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  • Home
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  • >Will GameStop Traders Flock to Bitcoin? Not Necessarily

Will GameStop Traders Flock to Bitcoin? Not Necessarily

The financial world is aflutter with a new craze: anti-short-selling pumps. Originating in the wallstreetbets subreddit, individual traders are now banding together to buy certain stocks hedge funds are selling short. The trend stems from antipathy towards the kind of Big Finance that profits from failure and misery, and that in the process makes such failure more likely.

The recent surge in GameStop stock is changing how people view the markets and seems tailor made to drive traffic to Bitcoin

Whatever you make of this new and unusual social phenomenon, it seems almost tailor-made for Bitcoin. The people responsible for boosting stocks such as GameStop and AMC seemingly detest big, institutional short sellers, who are currently shorting bitcoin itself to the tune of over $1 billion. It therefore stands to reason that, once they’re done with GameStop, they’ll turn to bitcoin, which is arguably a more attractive proposition than ‘failing’ GameStop stocks, given its end to 2020 and deflationary economics.

However, while wallstreetbets collective behavior has given rise to similar behavior from more crypto-focused groups, a sober appraisal of available evidence suggests that the subreddit itself won’t turn to bitcoin, or other cryptocurrencies for that matter. Why? Because as a quick perusal of its Reddit page shows, it is (unfortunately) anti-crypto.

WallStreetBets Doesn’t Like Bitcoin or Crypto

Yes, Bitcoin and wallstreetbets might seem like a match made in Heaven, but apparently not to wallstreetbets itself.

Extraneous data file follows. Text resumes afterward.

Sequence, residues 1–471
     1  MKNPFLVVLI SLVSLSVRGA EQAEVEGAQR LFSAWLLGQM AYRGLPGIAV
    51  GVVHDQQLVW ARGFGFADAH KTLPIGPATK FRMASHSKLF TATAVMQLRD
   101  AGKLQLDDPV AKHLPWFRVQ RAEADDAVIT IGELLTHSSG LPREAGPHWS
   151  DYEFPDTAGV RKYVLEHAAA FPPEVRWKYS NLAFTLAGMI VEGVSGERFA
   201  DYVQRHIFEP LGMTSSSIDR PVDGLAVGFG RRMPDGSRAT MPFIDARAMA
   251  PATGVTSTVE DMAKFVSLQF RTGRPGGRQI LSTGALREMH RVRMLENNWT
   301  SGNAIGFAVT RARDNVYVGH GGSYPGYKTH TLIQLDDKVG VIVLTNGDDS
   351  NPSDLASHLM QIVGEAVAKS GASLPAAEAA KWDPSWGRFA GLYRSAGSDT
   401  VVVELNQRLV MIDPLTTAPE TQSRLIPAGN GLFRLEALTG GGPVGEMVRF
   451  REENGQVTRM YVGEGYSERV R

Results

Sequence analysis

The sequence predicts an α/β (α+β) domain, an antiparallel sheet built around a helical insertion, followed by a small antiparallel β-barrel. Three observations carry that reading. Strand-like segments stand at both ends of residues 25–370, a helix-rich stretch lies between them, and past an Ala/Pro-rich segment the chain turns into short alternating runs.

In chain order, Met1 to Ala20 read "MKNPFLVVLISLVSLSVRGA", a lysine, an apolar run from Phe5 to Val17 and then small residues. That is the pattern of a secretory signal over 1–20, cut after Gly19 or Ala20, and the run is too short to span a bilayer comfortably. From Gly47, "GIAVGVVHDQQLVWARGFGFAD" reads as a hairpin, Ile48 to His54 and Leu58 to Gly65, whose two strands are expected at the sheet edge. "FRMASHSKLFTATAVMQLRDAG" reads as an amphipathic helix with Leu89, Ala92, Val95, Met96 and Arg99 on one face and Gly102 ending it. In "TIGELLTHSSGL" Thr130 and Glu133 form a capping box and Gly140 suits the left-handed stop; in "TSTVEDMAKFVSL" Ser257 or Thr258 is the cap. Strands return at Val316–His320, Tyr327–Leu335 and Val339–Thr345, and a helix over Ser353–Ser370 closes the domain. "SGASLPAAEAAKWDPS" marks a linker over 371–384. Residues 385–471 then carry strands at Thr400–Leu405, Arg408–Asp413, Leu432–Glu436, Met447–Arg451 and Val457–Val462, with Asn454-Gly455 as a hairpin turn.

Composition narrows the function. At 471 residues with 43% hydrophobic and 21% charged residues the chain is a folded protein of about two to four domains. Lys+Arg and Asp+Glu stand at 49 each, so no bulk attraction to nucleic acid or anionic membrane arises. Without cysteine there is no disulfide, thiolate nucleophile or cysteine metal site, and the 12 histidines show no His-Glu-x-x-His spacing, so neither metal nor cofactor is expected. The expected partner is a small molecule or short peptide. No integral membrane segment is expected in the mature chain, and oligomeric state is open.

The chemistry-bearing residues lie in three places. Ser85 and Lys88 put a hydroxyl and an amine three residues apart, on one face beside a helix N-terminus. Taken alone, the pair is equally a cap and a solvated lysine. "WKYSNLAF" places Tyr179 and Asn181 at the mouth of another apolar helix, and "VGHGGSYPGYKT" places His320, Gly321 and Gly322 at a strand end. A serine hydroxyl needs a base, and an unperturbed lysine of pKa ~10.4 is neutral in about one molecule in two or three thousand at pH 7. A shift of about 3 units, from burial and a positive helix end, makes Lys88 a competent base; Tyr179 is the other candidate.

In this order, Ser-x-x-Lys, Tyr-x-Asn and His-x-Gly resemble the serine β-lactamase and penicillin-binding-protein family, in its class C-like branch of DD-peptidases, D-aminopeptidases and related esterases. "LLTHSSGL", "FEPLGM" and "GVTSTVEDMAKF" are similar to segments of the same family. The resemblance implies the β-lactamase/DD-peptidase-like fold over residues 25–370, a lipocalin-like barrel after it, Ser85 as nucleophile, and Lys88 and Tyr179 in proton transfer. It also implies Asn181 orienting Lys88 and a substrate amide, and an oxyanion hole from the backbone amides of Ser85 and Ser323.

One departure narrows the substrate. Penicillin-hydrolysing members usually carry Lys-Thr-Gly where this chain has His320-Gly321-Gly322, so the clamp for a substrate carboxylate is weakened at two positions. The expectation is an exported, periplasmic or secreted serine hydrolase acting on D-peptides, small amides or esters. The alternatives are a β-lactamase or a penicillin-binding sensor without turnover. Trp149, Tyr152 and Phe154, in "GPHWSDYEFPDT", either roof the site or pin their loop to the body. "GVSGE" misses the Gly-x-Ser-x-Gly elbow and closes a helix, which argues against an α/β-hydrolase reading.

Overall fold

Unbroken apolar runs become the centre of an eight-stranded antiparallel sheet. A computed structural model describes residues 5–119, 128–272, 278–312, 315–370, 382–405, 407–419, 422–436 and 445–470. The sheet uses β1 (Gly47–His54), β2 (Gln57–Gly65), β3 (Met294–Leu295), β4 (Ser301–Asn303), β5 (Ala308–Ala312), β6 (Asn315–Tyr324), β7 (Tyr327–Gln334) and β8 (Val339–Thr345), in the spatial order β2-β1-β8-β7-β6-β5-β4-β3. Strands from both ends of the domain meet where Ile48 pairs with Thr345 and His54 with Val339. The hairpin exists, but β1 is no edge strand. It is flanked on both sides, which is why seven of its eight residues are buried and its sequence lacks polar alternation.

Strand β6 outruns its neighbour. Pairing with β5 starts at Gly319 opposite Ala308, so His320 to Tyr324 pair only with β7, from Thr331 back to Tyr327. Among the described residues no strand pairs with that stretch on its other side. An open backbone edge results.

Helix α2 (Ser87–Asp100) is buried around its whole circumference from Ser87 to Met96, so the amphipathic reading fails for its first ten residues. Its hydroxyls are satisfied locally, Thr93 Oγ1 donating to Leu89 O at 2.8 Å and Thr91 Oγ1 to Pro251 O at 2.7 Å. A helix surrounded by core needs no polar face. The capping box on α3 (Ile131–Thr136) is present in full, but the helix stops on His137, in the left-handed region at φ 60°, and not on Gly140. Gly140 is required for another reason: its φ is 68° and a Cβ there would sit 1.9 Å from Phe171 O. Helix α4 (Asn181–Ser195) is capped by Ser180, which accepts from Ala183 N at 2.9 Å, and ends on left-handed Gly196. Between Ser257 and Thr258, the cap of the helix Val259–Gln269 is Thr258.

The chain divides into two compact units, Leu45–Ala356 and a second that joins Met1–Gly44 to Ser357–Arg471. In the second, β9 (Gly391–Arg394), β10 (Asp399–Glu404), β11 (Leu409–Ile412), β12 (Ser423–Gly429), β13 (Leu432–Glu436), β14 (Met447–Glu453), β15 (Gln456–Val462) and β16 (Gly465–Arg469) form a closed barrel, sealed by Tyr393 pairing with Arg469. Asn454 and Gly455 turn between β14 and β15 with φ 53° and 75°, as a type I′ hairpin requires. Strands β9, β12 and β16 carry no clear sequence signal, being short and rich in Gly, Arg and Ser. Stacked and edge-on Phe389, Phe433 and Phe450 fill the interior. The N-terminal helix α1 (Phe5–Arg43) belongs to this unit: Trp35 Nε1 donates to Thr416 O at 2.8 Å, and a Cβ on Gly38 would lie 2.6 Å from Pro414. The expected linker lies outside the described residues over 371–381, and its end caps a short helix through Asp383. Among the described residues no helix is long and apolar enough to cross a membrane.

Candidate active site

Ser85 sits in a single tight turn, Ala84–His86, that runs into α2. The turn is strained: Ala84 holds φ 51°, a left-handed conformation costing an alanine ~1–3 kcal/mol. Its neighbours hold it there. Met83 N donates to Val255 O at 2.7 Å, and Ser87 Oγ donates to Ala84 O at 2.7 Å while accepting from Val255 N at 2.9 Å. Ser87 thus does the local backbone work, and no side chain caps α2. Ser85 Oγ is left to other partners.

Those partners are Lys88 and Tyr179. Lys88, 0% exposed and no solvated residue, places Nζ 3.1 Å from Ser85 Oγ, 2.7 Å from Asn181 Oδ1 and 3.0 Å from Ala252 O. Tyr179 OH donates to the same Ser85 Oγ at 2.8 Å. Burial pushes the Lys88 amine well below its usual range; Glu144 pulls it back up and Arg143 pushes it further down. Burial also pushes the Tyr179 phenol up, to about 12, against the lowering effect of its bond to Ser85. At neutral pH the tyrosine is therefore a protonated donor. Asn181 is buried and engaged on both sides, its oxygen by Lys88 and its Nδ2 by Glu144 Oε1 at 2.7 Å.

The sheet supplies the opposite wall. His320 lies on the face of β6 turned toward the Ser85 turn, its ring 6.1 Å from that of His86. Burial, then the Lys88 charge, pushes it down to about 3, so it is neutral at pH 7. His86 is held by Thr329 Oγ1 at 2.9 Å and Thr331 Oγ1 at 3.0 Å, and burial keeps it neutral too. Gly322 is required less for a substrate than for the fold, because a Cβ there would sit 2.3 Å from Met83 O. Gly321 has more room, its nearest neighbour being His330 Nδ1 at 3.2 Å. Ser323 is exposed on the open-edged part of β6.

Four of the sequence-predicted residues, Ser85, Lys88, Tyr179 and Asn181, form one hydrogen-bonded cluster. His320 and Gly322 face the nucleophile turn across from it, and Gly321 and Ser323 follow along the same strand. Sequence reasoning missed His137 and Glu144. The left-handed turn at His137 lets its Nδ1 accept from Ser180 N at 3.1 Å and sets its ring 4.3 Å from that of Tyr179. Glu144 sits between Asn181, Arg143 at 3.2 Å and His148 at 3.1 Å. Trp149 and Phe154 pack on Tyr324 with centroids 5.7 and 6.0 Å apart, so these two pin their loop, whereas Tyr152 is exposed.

Exhibit A is wallstreetbets’ rules, which determine what can and cannot be posted within its subReddit:

Source: Reddit/wallstreetbets

Sadly, its fourth rule (out of nine) prohibits any discussions of crypto. “No … cryptocurrencies … or any other worthless securities that are susceptible to scams or pump & dump schemes.”

It’s interesting that the subReddit lumps Bitcoin in with “worthless securities,” particularly when there’s a case that the forum has been used to pump companies which a number of analysts have argued will inevitably fail. But there you go.

This no-crypto rule is one that the forum upholds with almost religious fervor, even to this day (in fact, particularly in recent days and weeks). This is attested by the number of Bitcoin posts which are instantaneously removed by moderators, complete with calls for posters to be banned.

Source: Reddit/wallstreetbets

So while there are a number of people coming to the wallstreetbets subReddit to post about Bitcoin and urge others to buy, it seems the majority of members are almost zealously opposed to even a mention of crypto.

Source: Reddit/wallstreetbets

This anti-crypto stance is particularly discouraging when you bear in mind that the subreddit has 8.4 million members, most of whom share the kind of anti-Big Finance mentality of many bitcoin holders. Even worse, there are other affiliated subreddit that operate much like wallstreetbets, and that have a similar disdain for crypto.

Take smallstreetbets, which is basically wallstreetbets but for people with less spare cash to throw around. Check out its tenth rule, and our apologies for the colorful language:

Source: Reddit/smallstreetbets

It’s also worth pointing out that the popular Stocks subreddit, with two million members, also bans discussion of crypto, while the similarly popular investing subreddit permits only “major cryptocurrency news.”